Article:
• 10. Children as victims of conflict What could have happened here? Was it an accident? What might have happened to the rest of the family? What can be done to help the victims? How will this affect the rest of their lives? What can be done to stop this?
  • 11. Children as victims of conflict Landmine victim A landmine injured this child. It changed her life forever. Landmines surround the village where she lives. List what positive things could be done to prevent this from happening again. Short Term Long Term Draw a plan of the village and write down some of the measures you would introduce to help reduce these kinds of incidents.
  • 12. Children as victims of conflict How could these children have become involved in this situation? Why shouldn’t they fight to protect themselves? What do you think has happened to the other members of their family? What kind of future do they have? How would you stop this from happening?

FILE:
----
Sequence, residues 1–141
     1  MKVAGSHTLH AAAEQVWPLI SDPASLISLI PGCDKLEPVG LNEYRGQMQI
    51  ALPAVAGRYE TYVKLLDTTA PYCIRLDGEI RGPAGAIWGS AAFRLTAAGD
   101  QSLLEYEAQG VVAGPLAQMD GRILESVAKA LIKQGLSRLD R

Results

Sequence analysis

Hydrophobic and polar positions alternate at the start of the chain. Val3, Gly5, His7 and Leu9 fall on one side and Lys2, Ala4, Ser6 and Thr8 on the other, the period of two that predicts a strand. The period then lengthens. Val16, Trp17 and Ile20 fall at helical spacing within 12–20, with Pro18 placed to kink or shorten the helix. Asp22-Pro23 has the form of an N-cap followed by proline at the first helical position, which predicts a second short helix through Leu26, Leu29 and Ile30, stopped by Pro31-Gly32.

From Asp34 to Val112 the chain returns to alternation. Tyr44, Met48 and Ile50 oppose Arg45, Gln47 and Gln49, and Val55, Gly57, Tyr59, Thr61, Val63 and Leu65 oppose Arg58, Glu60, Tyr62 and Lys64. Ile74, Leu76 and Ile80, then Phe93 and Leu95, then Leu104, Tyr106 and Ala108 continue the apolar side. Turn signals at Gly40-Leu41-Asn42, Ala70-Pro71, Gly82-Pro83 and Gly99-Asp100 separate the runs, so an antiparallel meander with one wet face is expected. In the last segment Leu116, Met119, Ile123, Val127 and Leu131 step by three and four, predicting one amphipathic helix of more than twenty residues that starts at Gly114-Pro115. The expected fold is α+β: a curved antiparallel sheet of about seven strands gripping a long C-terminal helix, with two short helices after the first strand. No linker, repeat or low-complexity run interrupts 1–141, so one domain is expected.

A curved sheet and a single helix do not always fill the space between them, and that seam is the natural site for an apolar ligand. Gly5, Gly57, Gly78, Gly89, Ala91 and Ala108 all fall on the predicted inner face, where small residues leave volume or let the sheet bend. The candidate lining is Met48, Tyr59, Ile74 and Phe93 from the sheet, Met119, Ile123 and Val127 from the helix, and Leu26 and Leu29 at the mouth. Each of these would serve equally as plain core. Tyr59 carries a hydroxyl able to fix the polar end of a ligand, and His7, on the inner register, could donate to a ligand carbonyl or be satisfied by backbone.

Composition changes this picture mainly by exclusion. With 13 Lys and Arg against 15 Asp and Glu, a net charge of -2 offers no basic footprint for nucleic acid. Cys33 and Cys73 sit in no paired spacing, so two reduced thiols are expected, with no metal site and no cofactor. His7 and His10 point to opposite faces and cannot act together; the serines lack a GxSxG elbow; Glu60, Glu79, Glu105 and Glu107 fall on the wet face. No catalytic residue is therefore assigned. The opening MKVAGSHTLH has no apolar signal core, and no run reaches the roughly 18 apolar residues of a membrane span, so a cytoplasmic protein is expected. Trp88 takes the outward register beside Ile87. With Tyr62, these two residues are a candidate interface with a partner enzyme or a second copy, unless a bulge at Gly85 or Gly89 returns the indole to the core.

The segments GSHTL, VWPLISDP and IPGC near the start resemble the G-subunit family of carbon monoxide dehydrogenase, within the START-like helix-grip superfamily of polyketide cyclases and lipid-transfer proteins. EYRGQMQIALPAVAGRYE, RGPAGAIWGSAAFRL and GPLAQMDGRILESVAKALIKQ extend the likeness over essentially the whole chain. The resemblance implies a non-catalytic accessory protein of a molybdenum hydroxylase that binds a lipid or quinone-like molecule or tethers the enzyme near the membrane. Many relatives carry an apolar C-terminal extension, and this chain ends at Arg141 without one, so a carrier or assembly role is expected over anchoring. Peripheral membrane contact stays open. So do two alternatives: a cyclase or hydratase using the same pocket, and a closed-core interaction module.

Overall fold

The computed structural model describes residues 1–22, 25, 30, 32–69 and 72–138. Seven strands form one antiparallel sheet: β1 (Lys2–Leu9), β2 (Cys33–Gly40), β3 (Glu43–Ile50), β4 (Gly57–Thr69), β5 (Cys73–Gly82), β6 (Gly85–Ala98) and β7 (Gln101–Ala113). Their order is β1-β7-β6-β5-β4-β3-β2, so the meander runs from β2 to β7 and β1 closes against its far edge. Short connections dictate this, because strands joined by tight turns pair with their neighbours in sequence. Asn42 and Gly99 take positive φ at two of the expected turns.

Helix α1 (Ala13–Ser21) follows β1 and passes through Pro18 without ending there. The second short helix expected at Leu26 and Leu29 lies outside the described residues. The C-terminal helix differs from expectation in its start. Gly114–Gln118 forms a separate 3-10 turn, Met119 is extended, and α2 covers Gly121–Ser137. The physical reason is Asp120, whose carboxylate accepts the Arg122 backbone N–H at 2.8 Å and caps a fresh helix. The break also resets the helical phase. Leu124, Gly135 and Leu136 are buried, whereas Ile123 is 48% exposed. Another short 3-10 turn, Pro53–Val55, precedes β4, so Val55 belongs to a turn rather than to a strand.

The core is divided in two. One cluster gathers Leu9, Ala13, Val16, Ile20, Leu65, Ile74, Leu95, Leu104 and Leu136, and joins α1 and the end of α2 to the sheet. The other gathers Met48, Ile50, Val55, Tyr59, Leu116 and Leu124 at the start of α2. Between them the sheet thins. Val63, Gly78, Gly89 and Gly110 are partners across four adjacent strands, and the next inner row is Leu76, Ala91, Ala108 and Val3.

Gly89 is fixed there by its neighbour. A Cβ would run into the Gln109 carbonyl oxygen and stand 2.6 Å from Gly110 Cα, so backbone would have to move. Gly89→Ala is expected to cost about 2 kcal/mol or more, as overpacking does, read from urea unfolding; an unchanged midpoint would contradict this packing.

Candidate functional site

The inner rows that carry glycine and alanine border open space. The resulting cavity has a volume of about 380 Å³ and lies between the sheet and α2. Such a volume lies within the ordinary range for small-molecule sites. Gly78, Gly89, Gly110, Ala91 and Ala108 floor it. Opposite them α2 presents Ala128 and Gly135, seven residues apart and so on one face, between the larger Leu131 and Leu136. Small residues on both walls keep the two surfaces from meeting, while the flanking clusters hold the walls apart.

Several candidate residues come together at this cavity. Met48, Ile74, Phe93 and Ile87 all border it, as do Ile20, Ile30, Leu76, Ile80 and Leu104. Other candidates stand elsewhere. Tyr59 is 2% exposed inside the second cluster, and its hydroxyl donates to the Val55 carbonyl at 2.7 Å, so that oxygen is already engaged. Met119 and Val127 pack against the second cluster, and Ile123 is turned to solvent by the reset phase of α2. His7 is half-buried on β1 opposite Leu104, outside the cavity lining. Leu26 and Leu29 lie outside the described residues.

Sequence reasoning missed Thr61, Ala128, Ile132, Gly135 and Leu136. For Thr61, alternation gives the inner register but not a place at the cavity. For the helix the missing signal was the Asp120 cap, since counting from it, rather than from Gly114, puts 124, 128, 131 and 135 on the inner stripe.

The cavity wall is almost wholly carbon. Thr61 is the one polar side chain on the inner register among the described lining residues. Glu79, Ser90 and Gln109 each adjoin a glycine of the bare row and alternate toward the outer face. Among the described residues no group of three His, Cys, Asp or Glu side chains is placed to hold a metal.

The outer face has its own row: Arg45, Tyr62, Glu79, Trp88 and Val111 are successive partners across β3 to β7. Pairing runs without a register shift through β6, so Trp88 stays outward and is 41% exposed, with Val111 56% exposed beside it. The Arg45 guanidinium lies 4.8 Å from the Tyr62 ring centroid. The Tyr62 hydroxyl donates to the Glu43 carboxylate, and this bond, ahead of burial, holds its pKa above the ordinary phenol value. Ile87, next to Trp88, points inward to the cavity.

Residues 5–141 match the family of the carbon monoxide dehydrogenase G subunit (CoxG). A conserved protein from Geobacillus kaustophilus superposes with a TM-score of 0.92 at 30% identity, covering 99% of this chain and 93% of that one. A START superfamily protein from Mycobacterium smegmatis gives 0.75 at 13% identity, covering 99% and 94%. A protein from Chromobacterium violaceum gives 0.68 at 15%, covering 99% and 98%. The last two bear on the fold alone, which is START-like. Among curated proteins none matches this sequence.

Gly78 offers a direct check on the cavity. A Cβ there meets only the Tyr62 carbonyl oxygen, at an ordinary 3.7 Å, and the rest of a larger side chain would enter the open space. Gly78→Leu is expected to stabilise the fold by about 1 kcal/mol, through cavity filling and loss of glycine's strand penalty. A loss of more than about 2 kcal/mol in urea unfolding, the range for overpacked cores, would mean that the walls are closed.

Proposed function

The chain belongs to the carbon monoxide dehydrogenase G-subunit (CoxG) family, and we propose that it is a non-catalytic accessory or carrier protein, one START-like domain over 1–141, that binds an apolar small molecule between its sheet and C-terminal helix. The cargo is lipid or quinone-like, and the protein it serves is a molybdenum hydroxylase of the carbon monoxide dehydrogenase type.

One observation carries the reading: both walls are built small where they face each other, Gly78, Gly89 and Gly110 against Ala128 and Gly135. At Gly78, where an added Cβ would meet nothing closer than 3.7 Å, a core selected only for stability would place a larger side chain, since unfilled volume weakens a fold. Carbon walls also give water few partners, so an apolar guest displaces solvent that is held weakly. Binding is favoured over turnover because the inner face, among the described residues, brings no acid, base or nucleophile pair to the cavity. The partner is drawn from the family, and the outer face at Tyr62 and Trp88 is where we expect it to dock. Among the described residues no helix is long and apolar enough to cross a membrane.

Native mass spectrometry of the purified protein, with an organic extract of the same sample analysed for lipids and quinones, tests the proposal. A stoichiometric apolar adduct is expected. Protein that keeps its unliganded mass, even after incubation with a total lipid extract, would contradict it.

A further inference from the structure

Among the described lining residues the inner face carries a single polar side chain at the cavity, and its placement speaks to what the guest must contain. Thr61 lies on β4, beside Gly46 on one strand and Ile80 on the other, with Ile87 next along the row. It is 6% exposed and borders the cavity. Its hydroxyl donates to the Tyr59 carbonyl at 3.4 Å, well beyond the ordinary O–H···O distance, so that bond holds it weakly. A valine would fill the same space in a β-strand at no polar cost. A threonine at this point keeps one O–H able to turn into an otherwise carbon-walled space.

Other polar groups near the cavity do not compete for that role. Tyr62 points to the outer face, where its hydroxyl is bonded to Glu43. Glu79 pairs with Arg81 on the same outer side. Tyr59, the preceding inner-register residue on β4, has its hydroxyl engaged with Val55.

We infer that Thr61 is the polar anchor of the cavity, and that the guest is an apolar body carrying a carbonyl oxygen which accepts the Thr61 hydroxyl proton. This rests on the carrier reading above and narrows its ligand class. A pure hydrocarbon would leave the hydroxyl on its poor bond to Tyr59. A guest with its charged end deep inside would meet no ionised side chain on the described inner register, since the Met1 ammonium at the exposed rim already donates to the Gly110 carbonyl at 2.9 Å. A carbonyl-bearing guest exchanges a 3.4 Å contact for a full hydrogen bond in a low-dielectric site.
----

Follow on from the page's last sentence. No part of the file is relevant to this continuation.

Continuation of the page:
• 13. Children as victims of conflict Children affected by conflict Asra lives in the Middle East. Each day when he walks to school he has to be careful, since his route takes him through an area known for snipers. Recently, a car bomb attack maimed and killed many people in the area. Asra has to make sure that he’s always mindful of this as he makes his way to school. During the day, he can sometimes hear the sound of gunfi re or the scream of a missile in the distance. During the evening, Asra often goes out with his friends. Sometimes they come across military checkpoints. One game they like to play is throwing stones at the soldiers to make them angry and fi re warning shots in the air. Asra’s father has told him this is a very dangerous thing to do but his older brothers and sister say that he should demonstrate to the soldiers that he wants them to leave.